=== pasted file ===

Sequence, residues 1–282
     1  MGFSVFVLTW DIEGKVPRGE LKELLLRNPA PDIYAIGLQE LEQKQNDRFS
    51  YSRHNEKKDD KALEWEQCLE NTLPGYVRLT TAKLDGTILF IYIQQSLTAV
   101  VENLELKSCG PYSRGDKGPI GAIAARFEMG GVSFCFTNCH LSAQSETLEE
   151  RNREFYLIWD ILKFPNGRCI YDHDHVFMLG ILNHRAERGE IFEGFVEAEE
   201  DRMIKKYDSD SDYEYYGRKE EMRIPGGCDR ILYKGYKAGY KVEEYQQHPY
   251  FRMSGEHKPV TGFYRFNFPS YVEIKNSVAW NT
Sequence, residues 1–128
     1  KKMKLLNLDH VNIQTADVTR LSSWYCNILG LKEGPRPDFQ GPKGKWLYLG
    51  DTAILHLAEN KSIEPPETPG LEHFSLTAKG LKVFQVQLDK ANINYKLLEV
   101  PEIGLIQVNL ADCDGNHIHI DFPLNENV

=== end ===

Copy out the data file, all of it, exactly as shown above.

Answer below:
Sequence, residues 1–282
     1  MGFSVFVLTW DIEGKVPRGE LKELLLRNPA PDIYAIGLQE LEQKQNDRFS
    51  YSRHNEKKDD KALEWEQCLE NTLPGYVRLT TAKLDGTILF IYIQQSLTAV
   101  VENLELKSCG PYSRGDKGPI GAIAARFEMG GVSFCFTNCH LSAQSETLEE
   151  RNREFYLIWD ILKFPNGRCI YDHDHVFMLG ILNHRAERGE IFEGFVEAEE
   201  DRMIKKYDSD SDYEYYGRKE EMRIPGGCDR ILYKGYKAGY KVEEYQQHPY
   251  FRMSGEHKPV TGFYRFNFPS YVEIKNSVAW NT
Sequence, residues 1–128
     1  KKMKLLNLDH VNIQTADVTR LSSWYCNILG LKEGPRPDFQ GPKGKWLYLG
    51  DTAILHLAEN KSIEPPETPG LEHFSLTAKG LKVFQVQLDK ANINYKLLEV
   101  PEIGLIQVNL ADCDGNHIHI DFPLNENV